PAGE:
Whether traveling in your own boat, renting for an afternoon or chartering overnight with a captain, here’s how to plunge into some of Michigan’s most popular ports close to Chicago.
Some of Michigan’s Most Popular Ports Close to Chicago
This haven for boaters is a two-hour drive from Chicago’s Loop or a four-hour sail from St. Joseph with Capt. Greenwood, who’s happy to drop anchor and let passengers take a dip. Black River cuts through the town, providing plenty of waterfront dining as well as dock space.
Where to dock: South Haven has four municipal marinas. Renovated in 2013, Northside has the best amenities, including a clubhouse with computers, a large TV and comfy furnishings. Southside Marina has the most slips — 39 — for visiting boaters, and it’s just steps from both downtown and South Beach and its iconic red lighthouse. A few complimentary bicycles are available at each of the four marinas.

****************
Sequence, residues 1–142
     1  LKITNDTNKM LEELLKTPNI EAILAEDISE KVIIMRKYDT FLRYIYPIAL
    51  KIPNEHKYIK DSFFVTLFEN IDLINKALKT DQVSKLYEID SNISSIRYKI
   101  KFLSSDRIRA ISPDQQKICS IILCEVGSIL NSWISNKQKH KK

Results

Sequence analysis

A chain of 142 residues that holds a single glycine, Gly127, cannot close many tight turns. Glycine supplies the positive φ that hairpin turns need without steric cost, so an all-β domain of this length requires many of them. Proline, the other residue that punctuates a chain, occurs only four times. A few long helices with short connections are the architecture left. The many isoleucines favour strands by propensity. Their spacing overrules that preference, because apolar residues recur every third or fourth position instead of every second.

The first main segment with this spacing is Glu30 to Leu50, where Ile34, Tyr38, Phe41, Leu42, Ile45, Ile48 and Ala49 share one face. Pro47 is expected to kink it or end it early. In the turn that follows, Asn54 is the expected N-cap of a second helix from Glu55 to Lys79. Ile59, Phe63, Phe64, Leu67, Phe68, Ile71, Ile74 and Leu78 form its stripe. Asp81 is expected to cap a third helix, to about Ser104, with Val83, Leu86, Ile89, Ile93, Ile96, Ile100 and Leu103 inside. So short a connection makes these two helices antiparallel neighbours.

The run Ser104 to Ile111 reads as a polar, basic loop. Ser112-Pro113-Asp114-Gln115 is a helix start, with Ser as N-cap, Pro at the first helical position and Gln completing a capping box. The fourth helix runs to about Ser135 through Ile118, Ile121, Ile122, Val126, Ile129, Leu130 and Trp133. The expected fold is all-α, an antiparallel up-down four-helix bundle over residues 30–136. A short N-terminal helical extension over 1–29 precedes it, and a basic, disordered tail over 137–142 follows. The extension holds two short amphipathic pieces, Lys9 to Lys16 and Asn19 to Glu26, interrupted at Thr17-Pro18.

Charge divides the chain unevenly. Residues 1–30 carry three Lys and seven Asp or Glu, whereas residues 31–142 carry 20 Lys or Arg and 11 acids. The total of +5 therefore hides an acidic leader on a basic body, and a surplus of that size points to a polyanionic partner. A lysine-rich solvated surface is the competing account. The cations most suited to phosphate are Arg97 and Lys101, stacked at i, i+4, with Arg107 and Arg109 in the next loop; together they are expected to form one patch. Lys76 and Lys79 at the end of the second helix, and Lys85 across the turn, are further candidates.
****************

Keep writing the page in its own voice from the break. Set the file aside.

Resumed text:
Getting out on the lake: Michigan is second only to Florida in fishing tourism, according to the American Sportfishing Association. Angling to try it out? Brothers Chad and Jim Bard come from three generations of fishermen and guarantee you’ll catch fish on It Il Do charters; http://www.itildocharters.com/ “We’ve only had one time in the last five years where we didn’t catch anything,” Jim said. “If that happens, we’ll take you back out for free.” What’s the secret? “I’ve got 10 pieces of equipment I use, but it really comes down to knowledge and gut feeling,” he added. “If you’re serious, we leave shortly before sunrise, because fish want to eat when they wake up. Just depends on what’s more important to you … catching fish or drinking beer?” The price ranges from $450 to $550 for a five-hour excursion with four to six people.